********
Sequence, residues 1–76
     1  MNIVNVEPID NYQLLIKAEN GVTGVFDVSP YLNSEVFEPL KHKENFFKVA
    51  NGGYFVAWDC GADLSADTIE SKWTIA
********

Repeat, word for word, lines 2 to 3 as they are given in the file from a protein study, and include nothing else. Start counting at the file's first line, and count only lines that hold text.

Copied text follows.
     1  MNIVNVEPID NYQLLIKAEN GVTGVFDVSP YLNSEVFEPL KHKENFFKVA
    51  NGGYFVAWDC GADLSADTIE SKWTIA